FDA Pipeline: Priority Reviews for Immunotherapy Dose Regimen, Small Cell Lung Cancer; Fast Track Designations in Brain Cancer and Leukemia

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Recently, the U.S. Food and Drug Administration (FDA) granted Priority Reviews for a novel dosing regimen for durvalumab as well as for trilaciclib in small cell lung cancer; granted Fast Track designations to treatments for glioblastoma and B-cell acute lymphoblastic leukemia; and issued reports of breast implant illness and breast implant–associated lymphoma.

Priority Review for Less-Frequent, Fixed-Dose Use of Durvalumab

Durvalumab has received acceptance from the FDA for a supplemental biologics license application and has also been granted Priority Review for a new 4-week, fixed-dose regimen for treatment in the approved indications of non–small cell lung cancer (NSCLC) and bladder cancer. The Prescription Drug User Fee Act date for the regulatory decision is during the fourth quarter of 2020.

If approved, durvalumab could be administered intravenously every 4 weeks at a fixed dose of 1,500 mg in unresectable stage III NSCLC after chemoradiation therapy and previously treated advanced bladder cancer, consistent with the approved dosing in extensive-stage small cell lung cancer. The new dosing would be available as an alternative to the approved weight-based dosing of 10 mg/kg every 2 weeks. 

The application was based on data from several clinical trials, including results from the phase III CASPIAN trial in extensive-stage small cell lung cancer which used the 4-week, fixed-dose regimen during maintenance.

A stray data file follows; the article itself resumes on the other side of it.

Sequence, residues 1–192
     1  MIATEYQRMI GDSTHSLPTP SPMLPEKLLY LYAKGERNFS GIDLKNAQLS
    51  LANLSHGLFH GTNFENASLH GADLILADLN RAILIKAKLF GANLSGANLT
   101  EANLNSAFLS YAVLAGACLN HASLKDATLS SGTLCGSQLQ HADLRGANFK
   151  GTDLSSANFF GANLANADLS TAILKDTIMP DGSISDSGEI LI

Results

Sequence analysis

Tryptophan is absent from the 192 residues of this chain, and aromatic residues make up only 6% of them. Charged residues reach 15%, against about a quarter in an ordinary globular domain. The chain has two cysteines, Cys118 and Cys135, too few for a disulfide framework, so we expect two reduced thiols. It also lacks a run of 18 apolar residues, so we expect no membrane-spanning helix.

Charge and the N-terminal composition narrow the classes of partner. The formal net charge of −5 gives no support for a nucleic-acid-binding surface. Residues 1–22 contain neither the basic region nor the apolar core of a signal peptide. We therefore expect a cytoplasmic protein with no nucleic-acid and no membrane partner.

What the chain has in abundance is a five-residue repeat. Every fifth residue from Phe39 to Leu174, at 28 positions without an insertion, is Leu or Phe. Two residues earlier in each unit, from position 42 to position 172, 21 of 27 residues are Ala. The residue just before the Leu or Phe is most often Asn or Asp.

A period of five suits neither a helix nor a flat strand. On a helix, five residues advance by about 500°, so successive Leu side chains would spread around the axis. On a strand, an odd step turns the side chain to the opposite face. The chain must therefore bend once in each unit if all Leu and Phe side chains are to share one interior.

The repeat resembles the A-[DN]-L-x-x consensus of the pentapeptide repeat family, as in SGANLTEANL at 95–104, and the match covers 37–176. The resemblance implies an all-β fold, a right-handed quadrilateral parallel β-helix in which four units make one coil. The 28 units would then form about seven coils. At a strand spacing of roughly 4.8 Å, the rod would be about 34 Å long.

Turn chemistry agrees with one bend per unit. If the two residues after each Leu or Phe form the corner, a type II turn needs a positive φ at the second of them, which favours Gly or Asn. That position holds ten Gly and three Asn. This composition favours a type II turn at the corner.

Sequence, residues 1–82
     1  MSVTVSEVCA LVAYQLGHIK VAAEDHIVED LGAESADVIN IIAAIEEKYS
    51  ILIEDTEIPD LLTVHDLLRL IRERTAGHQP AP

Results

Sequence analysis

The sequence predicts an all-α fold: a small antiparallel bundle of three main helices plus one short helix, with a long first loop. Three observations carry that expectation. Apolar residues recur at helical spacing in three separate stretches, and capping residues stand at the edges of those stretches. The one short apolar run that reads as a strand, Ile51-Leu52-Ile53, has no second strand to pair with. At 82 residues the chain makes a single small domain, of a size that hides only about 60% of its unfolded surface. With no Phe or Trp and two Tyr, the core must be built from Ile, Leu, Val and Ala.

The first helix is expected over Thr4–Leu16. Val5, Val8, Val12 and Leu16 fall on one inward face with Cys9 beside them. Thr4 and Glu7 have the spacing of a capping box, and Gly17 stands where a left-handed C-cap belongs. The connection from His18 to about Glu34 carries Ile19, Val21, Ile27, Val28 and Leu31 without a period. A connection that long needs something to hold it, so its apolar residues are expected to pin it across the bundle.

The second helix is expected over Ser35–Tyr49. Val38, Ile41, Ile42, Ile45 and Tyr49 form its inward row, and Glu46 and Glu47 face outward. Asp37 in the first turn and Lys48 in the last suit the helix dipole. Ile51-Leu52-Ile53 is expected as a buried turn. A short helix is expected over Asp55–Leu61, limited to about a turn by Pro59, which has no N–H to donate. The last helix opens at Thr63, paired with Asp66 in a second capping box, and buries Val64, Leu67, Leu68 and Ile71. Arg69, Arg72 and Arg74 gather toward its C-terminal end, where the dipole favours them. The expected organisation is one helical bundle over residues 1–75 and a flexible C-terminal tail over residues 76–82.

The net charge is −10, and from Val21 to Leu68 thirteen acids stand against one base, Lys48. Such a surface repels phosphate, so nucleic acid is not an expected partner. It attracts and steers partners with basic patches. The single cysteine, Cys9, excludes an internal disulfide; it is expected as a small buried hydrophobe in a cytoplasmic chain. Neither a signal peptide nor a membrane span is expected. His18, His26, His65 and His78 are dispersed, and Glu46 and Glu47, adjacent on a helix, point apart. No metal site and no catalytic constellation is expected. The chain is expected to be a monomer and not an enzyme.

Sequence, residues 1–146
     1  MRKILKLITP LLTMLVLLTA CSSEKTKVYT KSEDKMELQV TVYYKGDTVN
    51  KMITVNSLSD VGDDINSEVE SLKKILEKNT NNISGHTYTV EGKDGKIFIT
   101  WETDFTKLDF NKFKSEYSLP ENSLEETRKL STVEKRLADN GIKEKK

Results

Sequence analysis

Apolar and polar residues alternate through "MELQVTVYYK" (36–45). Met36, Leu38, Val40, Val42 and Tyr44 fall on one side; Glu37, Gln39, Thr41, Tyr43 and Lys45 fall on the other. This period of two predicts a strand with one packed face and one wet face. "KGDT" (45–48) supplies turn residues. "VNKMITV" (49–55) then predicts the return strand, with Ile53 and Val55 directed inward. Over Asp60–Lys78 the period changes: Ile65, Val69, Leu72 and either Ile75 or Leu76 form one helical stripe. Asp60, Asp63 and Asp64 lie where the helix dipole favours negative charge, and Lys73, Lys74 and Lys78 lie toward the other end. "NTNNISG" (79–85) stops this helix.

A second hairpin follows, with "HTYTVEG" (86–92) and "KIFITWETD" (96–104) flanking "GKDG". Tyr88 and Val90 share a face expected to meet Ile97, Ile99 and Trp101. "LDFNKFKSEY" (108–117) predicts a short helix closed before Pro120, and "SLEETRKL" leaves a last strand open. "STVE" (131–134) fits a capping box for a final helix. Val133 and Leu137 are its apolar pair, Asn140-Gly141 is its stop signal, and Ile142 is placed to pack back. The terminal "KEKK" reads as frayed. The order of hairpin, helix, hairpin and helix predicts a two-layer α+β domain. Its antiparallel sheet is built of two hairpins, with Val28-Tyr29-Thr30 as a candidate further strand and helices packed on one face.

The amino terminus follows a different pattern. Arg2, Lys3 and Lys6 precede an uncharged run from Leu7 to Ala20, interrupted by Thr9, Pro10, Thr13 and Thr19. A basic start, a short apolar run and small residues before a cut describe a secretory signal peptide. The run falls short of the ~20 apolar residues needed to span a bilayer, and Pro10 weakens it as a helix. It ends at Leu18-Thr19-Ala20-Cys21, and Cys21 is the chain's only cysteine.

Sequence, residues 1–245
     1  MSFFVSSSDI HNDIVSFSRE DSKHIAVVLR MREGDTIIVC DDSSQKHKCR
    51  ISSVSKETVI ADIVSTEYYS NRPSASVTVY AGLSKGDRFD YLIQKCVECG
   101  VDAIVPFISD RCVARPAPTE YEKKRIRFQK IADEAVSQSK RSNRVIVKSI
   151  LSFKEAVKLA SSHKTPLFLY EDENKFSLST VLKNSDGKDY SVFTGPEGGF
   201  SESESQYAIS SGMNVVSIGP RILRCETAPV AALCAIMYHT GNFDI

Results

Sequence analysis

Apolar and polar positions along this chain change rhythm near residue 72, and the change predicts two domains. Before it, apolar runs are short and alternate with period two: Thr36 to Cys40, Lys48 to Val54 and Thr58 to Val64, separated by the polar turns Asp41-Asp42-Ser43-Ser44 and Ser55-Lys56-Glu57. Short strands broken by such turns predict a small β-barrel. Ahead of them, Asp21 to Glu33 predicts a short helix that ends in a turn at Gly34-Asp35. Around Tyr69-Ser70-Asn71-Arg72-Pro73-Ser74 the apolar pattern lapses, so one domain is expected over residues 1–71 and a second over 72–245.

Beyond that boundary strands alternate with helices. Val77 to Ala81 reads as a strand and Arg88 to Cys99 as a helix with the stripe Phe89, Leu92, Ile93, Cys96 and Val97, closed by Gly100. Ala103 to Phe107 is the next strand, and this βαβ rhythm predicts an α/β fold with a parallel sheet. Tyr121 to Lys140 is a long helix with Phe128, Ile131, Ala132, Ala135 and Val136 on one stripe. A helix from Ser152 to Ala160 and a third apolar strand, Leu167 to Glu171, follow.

Durvalumab is a human monoclonal antibody that binds to PD-L1 and blocks the interaction of PD-L1 with PD-1 and CD80.

Priority Review for Trilaciclib in Small Cell Lung Cancer

The FDA accepted a new drug application for trilaciclib in patients with small cell lung cancer being treated with chemotherapy and granted the application Priority Review, with a Prescription Drug User Fee Act action date of February 15, 2021. Trilaciclib is a first-in-class investigational therapy designed to preserve bone marrow and immune system function during chemotherapy and improve patient outcomes.

The trilaciclib new drug application was supported by compelling myelopreservation data from three randomized, double-blind, placebo-controlled clinical trials in which trilaciclib was administered prior to chemotherapy treatment in patients with small cell lung cancer.

“While undergoing chemotherapy, many patients experience significant myelosuppression, become fatigued and susceptible to infection, and often require transfusions and growth factor administrations,” said Jared Weiss, MD, of the Lineberger Comprehensive Cancer Center, University of North Carolina, Chapel Hill. “Preventing bone marrow damage proactively is an opportunity to improve the quality of life of patients receiving chemotherapy for small cell lung cancer and reduce costly rescue interventions.”

In clinical trials, trilaciclib significantly reduced chemotherapy-induced myelosuppression, and patients receiving trilaciclib experienced fewer dose delays/reductions, infections, hospitalizations, and need for rescue therapies compared to patients receiving chemotherapy alone.

G1 is making trilaciclib available to patients with small cell lung cancer in the United States who are unable to enter clinical trials and for whom there are no appropriate alternative treatments while the trilaciclib new drug application is under regulatory review, pursuant to the FDA’s expanded access program. To facilitate needed access through the expanded access program, G1 is collaborating with Bionical Emas, a global specialist clinical research organization. For more information about expanded access to trilaciclib, e-mail

Fast Track Designation for Paxalisib in Glioblastoma